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Women's March Cleveland postpones January 22, 2022 anniversary march, following the lead of Women's March Washington...A press conference on the postponement was held at Angie's Soul Café with elected officials and leaders of women's groups

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CLEVELAND, Ohio- Women's March Cleveland's fifth-year anniversary rally and march, which were scheduled to take place on Sat, Jan 22, 2022 beginning at noon at Market Square Park, have been postponed due to the Omicron Variant, head organizer Kathy Wray Coleman said at a press conference on Friday.

Cleveland TV channels 3, 5 and 19 and the Call and Post Newspaper were there to cover the press conference.

Coleman said at the press conference at Angie's Soul Food Cafe with other women's march advocates and community women leaders that the group, a sister march under Women's March Washington, is following the lead of the national march, the umbrella to the sister marches that has postponed its anniversary march in Washington D.C. Hundreds of tentative sister marches have also been postponed because of the Omicron Variant.

"Women March Cleveland's annual march is merely postponed due to the Omicron Variant and when we return to protest before the midterm elections on issues of public concern for the betterment of women we will bring thousands of women to the streets as we have done in the past," Coleman told and, Ohio's Black digital news leader

Coleman has organized women's marches in Cleveland since 2018, and she also leads the Imperial Women Coalition, a grassroots women's rights group that stresses support for Black women in Cleveland.

Other members of Women's March Cleveland coalition group speaking at Fridays' press conference at Angie's  were:

Elaine Gohlstin, president, Black Women's PAC of greater Cleveland

Activist Cheryl Lessin of Refuse Fascism

Cuyahoga County Councilwoman Meredith Turner

Activist Delores Gray, Brickhouse Wellness Center for Women

Activist Alfred Porter Jr,  president, Black on Black Crime Inc.

Activist Jessica Pantz, domestic violence survivor

Activist Laura Cowan, Laura Cowan Foundation, domestic violence survivor and CNN hero

Activist Dorothy Walwyn,  Fathers Lives Matter

Elain Vance, National Council Council of Negro Women

County Councilwoman Meredith Turner, who was recently chosen by Cuyahoga County Democratic Party leaders to replace now 11th Congressional District Congresswoman Shontel Brown on county council after Brown vacated the seat to join Congress, pushed for the passage of Aisha's Law, a bill pending in the Ohio state legislature that expands domestic violence protections. The bill was introduced in the state legislature following the brutal murder by former county judge Lance Mason of his ex-wife Aisha Mason. And Elaine Gohlstin spoke on voting rights and chastised Congress for failing to pass two voting rights bills earlier this week, namely the John Lewis Voting Rights Advancement Act and the Freedom to Vote Act.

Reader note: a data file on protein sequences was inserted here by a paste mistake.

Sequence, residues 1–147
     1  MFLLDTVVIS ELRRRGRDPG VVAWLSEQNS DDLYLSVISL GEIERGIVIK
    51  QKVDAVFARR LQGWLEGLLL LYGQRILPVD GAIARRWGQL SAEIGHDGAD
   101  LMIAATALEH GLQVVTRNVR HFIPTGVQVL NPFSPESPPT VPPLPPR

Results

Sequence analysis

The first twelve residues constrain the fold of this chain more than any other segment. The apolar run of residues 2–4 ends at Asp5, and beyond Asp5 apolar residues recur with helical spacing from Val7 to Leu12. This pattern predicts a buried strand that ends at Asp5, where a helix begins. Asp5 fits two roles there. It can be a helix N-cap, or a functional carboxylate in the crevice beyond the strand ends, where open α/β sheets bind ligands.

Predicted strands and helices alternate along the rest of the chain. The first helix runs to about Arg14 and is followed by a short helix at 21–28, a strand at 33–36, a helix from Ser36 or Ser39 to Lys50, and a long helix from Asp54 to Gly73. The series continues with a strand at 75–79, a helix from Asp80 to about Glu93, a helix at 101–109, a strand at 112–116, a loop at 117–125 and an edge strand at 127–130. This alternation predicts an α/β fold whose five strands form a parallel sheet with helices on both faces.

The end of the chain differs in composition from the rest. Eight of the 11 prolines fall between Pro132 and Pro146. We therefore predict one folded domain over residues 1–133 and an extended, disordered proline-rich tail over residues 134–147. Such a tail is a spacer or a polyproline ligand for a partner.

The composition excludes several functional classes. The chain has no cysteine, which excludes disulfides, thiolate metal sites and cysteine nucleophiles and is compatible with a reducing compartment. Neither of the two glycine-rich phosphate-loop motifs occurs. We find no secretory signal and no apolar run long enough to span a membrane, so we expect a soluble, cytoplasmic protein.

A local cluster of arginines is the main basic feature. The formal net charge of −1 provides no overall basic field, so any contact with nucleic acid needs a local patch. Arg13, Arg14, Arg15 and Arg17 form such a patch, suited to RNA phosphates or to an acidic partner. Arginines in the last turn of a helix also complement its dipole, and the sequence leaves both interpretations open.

"We want these voting rights bills passed in Congress," said Gohlstin, who added that the Civil Rights Act of 1965 is at risk.

A longtime community activist, Cheryl Lessin said that she had one of two abortions in 1972 and later remarried. She highlighted that Jan 22 is the 49th anniversary of Roe v. Wade, the landmark U.S. Supreme court decision that made abortion legal nationwide.

"Abortion rights are under attack," said Lessin.

Coming from a meeting, Cleveland Ward 7 Councilwoman Stephanie Howse, a former state representative and women's advocate who championed women's causes as a state legislator, including reproductive rights, stopped by the event to support the women.

The postponement of the annual women's march this year comes behind a mass march for reproductive rights held by Women's March Washington and in more than 650 city's  nationwide on Oct 2, 2021, Cleveland bringing some 2,500 women to the streets to protest on that day. It was the largest crowd of protesters in Cleveland since the George Floyd rally in May of 2020, and certainly one of the biggest nationwide since the still raging COVID-19 pandemic hit the U.S. with a vengeance in the winter of 2020.

The inaugural Women's March was a nationwide  protest held on Jan 21, 2017, the day after the inauguration of then president Donald Trump. It was spearheaded by Women's March on Washington prompted in part by statements he made during and after his campaign for president against then Democratic presidential nominee Hillary Clinton. It was the largest single-day protest in U.S. history with nearly five million women and their supporters marching in sister marches in major and other cities nationwide. In Cleveland that year some 15,000 women and their supporters protested.

The goal of the annual marches is to advocate for legislation and policies regarding human rights and other issues, including women's rights, educational equity, reproductive rights, environmental justice, LGBTQ rights, racial inequality, poverty, freedom of religion, workers' rights, equal pay and police and criminal justice reform.

Now led by executive director Rachael O'Leary Carmona, Women's March National, a non profit organization for women's rights, is governed by a 16-member board of directors. Its national organizing director is Kate Shapiro, a grassroots organizer. and the most read Black digital newspaper and Black blog in Ohio and in the Midwest. Tel: (216) 659-0473. Email: We interviewed former president Barack Obama one-on-one when he was campaigning for president. As to the Obama interview, CLICK HERE TO READ THE ENTIRE ARTICLE AT CLEVELAND URBAN NEWS.COM, OHIO'S LEADER IN BLACK DIGITAL NEWS.

Last Updated on Thursday, 27 January 2022 01:28

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